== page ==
From the Archives -

Mother's Christian Example in the Home - The last Witness of an Era.

Pleasant Times - The Parlour in the Morning.

Motherhood - What I Learned from My Husband's Weariness.

- To find out more about this blog, or Mrs. White, please visit our About page. -

Find Home-keeping Inspiration, in Mrs.White's book - For The Love of Christian Homemaking.  Paperback, 274 pages.


Anonymous said...

Wow that is genius! My younger children usually mess up their rooms so bad I end up cleaning it up for them, which doesn't really teach them a thing. Except for mom will take over when it gets too messy for them to handle. I love this post! Thanks Mrs. White!

Always Learning said...

I recently asked my facebook group if they would consider themselves good homemakers. The majority admitted they were terrible homemakers! So I too am doing some posts on keeping the home clean. Most women today weren't trained by their mothers since many of their mothers worked outside of the home full-time.

Renee said...

I really like your approach! Though childless, it's always nice for me to learn from others, in hopes of one day receiving blessings from the Lord. :) In the mean time, I enjoy being auntie, and applying said-lessons. :)

Anonymous said...

Thank you! A prayer answered! I am constantly trying to figure out a way to help my 13 year old daughter with her room, which is always trashed and very discouraging. I end up just closing the door on the mess because I don't have time to deal with it. This makes so much sense. God bless you for sharing your wisdom and please keep going!
Much love to you,
Marybeth xo

JudyZ said...

What a great reminder! My home got so out of control this school year! Today I cancelled school just to clean the house... all day!! It helped a lot- but sadly its only the beginning. :( Thank you for your sweet inspiration!

The Momma Chronicles said...

I just want to tell you how much this post has helped confirmed something, encourage me. I discovered this very principle about a month ago and it revolutionized my thinking about housework.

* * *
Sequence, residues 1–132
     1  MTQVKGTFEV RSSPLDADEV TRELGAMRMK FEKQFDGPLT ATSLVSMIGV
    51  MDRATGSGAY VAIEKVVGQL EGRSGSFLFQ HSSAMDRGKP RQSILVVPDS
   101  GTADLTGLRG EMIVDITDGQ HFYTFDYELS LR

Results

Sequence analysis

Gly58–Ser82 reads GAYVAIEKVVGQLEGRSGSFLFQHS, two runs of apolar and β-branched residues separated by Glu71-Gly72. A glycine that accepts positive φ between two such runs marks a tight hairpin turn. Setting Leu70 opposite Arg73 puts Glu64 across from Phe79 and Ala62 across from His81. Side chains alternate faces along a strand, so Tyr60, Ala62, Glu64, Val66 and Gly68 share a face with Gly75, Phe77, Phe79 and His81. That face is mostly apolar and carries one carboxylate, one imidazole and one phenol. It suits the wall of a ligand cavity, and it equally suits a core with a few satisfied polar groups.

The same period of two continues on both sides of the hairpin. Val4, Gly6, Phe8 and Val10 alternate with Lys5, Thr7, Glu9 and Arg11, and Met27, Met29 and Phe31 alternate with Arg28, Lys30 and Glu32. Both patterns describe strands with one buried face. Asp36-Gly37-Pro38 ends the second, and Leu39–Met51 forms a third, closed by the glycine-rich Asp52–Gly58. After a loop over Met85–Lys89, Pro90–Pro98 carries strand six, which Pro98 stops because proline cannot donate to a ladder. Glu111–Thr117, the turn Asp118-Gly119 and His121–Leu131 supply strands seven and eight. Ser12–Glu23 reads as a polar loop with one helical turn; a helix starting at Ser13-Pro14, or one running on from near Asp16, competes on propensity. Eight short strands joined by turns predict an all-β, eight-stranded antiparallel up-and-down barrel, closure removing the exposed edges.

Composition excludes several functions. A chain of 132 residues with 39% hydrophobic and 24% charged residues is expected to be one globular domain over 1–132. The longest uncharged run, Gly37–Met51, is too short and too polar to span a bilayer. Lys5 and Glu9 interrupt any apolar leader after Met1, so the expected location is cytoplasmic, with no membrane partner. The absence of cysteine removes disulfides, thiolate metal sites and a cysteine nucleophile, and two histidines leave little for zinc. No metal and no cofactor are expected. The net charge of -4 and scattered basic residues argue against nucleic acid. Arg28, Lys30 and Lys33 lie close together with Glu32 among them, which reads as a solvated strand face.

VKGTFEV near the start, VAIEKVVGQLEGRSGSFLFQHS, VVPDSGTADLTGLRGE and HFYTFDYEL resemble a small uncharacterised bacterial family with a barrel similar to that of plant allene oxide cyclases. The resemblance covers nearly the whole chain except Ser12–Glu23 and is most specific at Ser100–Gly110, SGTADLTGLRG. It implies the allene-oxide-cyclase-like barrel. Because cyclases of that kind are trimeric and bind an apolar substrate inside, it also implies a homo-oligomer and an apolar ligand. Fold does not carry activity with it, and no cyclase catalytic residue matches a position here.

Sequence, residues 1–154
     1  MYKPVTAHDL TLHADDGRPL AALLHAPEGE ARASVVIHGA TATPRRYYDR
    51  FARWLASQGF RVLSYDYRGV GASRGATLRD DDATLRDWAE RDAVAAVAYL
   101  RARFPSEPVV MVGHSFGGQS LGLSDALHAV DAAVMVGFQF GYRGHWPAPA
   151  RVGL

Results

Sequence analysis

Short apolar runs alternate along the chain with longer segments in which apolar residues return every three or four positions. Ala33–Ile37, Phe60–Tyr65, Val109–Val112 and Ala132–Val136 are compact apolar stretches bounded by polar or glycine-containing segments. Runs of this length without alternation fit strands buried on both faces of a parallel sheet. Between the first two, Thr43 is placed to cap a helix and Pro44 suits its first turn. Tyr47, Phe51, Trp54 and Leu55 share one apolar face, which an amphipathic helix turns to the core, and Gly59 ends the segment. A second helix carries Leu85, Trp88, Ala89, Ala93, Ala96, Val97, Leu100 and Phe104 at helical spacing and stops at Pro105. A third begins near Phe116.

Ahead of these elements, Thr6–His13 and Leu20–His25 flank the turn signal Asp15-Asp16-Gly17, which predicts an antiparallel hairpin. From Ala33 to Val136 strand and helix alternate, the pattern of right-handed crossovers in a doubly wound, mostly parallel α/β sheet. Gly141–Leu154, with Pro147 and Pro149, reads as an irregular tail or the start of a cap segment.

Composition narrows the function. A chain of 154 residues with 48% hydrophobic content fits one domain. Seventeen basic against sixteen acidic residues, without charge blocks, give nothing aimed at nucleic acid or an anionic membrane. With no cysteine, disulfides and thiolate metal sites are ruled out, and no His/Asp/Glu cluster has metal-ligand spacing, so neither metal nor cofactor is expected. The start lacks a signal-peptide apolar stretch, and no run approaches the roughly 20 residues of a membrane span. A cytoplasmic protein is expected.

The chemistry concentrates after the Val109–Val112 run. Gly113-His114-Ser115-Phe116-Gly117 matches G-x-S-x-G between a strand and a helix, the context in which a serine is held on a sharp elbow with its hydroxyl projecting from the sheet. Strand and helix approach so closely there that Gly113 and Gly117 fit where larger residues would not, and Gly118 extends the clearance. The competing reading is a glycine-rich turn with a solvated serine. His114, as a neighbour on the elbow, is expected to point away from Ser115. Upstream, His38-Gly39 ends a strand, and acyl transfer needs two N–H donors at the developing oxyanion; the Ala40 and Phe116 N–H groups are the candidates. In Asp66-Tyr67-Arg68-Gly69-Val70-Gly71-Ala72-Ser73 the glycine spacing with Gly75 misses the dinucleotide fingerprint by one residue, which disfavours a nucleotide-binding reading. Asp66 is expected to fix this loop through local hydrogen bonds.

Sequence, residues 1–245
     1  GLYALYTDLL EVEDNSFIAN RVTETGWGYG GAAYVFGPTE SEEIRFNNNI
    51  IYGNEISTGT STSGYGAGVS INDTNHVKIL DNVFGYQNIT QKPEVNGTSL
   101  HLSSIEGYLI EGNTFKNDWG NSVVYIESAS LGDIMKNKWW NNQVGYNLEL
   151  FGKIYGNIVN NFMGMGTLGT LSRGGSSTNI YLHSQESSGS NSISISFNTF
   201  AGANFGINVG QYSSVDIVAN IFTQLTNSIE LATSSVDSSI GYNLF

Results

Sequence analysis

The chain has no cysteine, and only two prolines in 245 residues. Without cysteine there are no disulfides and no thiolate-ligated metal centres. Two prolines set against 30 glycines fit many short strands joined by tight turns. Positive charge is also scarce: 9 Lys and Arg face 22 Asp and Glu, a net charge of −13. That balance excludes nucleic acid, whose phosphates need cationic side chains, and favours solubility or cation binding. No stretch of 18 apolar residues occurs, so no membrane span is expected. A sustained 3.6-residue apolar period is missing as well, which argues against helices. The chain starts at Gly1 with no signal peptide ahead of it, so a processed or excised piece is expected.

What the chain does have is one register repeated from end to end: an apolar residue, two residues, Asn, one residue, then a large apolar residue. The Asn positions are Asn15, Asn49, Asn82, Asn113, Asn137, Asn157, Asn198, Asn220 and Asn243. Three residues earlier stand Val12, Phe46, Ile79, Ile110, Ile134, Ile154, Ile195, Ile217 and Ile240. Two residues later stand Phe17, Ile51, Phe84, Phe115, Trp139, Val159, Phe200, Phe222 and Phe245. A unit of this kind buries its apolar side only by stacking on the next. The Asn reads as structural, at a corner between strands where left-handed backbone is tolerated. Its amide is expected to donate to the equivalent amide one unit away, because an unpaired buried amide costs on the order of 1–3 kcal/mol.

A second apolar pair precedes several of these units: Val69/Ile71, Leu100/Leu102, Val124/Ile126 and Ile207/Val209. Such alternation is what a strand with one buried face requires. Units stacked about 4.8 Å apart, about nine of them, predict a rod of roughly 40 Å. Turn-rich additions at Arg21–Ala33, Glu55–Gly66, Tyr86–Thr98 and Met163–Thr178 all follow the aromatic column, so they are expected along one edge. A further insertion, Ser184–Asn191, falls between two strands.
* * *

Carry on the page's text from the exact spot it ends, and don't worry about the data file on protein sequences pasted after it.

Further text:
I've always had a cluttered home. Clean underneath, very organized drawers and closet, but the CLUTTER. Any surface that could hold things, held *many* things.

I deep-cleaned my great room area for a party and kept it cleaned up for 2 weeks after that. I loved spending time in that room. I loved to straighten and tidy and polish - loved! - because it only took a few minutes. I also had the added benefit of a guilt-free afternoon hour in a book.

I left for a weekend and it wasn't the same when I returned (coughcough). I had a very busy week after that, so no tidying. The clutter started to take over again. It's always bothered me, but now it BOTHERED me. I could barely look at my kitchen counter.

Yesterday I read this blog post and was reminded about how much I loved tidying my clean space. I was motivated to deal with all that clutter, and this morning my great room is neat and tidy again. And I was able to sit and read yesterday without feeling guilty!

I am thanking God for using you to remind me that if I am diligent, I will reap the benefits - easier work and a guilt-free rest in the afternoons!

Blessings to you, Mrs. White!


Katrinka said...

This is a good time for this post! We all have areas that get out of control for some reason, and just getting started for me is the hard part.

I also agree that if a big mess is overwhelming for me, it certainly will be so for a child. They don't know where to begin, and I think they need direction and encouragement. It will help them as adults to learn that they can do this as well.

Deanna said...

Dear Mrs. White,
Blessings to you.

My enthusiasm meter doesn't reach a high when the rooms are so messy. It takes some talking to myself to get after it when there's a mess.

I have the messes for sure.

Enjoyed this read,

Carrye said...

This is a very helpful way to look at teaching children to clean. I'm too often the parent that sends them in to clean their room with NO help or throws up my hands and simply does the work myself when I finally succumb to being overwhelmed by the clutter.

I appreciate your gentle advice and patient step-by-step ideas. :-)

Michele Morin said...

Yes! Those daily disciplines do help us to keep the mess quotient at a minimum. Thanks for sharing truth with grace.